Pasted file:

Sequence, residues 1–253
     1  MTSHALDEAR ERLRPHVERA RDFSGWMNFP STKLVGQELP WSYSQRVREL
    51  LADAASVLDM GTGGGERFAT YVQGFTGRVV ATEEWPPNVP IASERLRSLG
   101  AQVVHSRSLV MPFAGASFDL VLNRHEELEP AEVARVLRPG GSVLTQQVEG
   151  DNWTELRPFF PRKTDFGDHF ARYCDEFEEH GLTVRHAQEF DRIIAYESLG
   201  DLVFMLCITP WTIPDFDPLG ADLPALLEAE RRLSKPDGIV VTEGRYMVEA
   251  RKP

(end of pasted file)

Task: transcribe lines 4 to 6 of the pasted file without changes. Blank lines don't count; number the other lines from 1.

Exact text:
   101  AQVVHSRSLV MPFAGASFDL VLNRHEELEP AEVARVLRPG GSVLTQQVEG
   151  DNWTELRPFF PRKTDFGDHF ARYCDEFEEH GLTVRHAQEF DRIIAYESLG
   201  DLVFMLCITP WTIPDFDPLG ADLPALLEAE RRLSKPDGIV VTEGRYMVEA